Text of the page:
In the case of dedicated urban rail system, there is no easy answer as to what tickets to buy. This is because, unlike regular inner-city public transport, there is a very large difference between taking the urban rail 2 kilometers east and 40 kilometers east, which can both be done - quite unlike the metro, where the upper limit is not nearly as high.

types of ticketing systems

zones (Warsaw's SKM & WKD)

In a zone system, you buy a ticket for a specific amount of zones - in Warsaw, it's either 1 (inner city) or 2 (outskirts) - or both. You also have to pay attention to time - for example, you can buy a 75-minute ticket for both zones, which does let you travel freely with any type of public transport, including urban rail, within those zones, until the 75 minutes expire.



Please note that the above applies mainly to SKM. WKD has a three-zone system which is based only on time traveled and with tickets costing up to 7 zł [1.5 EUR] per trip per person.

distance (Gdańsk's SKM, Łódź's ŁKA, Katowice's SKR, Cracow's SKA)

In this system, you must specify what station you are departing from and headed to as you buy the ticket. Then, the price is calculated based on the distance between the two - and it can be as high as 20 zł [4.7 EUR] for ŁKA, though is usually below 10 zł [2.3 EUR] per trip per person.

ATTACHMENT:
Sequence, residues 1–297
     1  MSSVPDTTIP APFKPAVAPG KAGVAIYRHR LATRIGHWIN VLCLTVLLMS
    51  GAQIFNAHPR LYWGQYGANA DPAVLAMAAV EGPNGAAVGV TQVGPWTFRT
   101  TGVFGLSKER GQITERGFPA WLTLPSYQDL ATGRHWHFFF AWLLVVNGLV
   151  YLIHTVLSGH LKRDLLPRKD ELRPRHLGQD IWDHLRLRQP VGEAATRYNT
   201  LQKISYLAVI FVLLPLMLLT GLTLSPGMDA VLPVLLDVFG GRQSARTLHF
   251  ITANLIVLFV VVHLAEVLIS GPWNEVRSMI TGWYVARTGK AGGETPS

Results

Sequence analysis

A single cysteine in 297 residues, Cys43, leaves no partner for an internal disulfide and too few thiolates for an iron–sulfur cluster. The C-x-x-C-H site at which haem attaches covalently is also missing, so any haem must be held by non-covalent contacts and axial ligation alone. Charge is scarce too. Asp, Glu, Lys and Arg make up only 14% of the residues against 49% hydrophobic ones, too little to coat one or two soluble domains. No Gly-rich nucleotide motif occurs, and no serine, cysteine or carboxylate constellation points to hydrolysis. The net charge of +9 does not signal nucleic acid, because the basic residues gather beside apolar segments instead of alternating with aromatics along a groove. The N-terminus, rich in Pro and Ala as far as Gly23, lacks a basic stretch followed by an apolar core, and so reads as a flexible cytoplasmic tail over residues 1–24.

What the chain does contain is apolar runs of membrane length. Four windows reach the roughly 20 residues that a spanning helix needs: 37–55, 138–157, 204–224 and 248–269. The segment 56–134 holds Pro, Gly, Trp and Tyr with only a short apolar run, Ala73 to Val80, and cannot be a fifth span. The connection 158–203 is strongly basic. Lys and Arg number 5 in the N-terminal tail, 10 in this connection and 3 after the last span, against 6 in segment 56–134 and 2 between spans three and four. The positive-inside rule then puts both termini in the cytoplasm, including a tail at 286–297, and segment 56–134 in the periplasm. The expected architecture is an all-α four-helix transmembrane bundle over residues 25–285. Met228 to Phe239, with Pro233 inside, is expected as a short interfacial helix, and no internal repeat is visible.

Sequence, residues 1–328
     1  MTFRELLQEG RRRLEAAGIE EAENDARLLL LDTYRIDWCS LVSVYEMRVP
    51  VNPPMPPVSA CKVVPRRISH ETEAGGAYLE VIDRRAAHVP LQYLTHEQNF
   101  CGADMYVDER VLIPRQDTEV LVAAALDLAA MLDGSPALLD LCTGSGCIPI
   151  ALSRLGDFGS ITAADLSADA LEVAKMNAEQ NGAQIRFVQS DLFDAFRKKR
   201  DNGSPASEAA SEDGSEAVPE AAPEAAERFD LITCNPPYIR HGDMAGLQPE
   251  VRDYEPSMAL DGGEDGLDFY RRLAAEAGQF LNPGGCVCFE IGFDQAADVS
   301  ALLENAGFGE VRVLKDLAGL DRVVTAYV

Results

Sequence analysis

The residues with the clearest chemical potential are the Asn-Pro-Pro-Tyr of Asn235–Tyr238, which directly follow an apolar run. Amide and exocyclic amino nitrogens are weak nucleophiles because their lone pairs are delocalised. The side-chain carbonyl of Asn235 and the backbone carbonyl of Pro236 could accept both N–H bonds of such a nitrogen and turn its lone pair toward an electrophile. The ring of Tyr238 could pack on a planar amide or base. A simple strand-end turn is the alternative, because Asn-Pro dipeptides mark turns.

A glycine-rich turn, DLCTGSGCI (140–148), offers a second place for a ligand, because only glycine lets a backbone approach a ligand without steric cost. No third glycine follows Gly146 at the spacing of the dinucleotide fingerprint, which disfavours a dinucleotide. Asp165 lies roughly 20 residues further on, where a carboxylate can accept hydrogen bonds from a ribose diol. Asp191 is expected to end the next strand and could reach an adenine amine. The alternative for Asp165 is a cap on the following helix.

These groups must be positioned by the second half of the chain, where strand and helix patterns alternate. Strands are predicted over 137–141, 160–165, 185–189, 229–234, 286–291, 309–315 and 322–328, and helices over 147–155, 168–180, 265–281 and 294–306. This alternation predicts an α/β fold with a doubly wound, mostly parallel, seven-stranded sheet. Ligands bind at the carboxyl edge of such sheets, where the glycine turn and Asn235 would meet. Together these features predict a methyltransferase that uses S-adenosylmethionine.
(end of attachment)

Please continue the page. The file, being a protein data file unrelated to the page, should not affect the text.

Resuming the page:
fixed fare (Bydgoszcz and Toruń's BiTCity)

In the case of the BiTCity urban rail system, there is only one route to take - Bydgoszcz to Toruń, which costs 10 zł [2.3 EUR] each way.

To learn more about the urban rail ticket system in a given city, visit the city's article.


how to buy tickets

This is fairly easy. Tickets can be bought using ticket machines, which can all be set to English and are available at any urban rail station. Of course, you need to know what type of ticket you need, but your options will be presented in the ticket machine system. You can pay by card or by cash, and there is no need to buy a ticket in advance or online.

Here's what you can expect your choices to be: in zone systems, there will be tickets for either 1 or 2 zones and for set amounts of time. In distance systems, you will have to choose your destination and simply buy a ticket to this destination. In fixed fare systems, you will only be able to buy one type of ticket, valid on the entire network.

ticket machine type in Warsaw

ticket machine type in Cracow

validating tickets

In Warsaw, Gdańsk, and Łódź city centre (excluding the surrounding aglomeration and towns), the tickets you buy in ticket machines must be validated using a ticket validation machine already at the platform/station or as soon as you enter the train. In Warsaw and Łódź, where tickets have a time limit, the time starts running as soon as the ticket is validated. In Gdańsk, it is important to validate the ticket because tickets do not specify what time the train departs and arrives, which means that, without mandatory validation, it would be possible to reuse the same ticket over and over.

In Cracow, Łódź's aglomeration and surrounding cities, Bydgoszcz/Toruń, and Katowice, the ticket you buy is already dedicated to a specific train, which means that it does not have to be validated.

You must always have a valid ticket at your disposal while traveling by urban rail.

validated ticket

ticket not requiring validation

ticket validation machine

modern ticket validation machine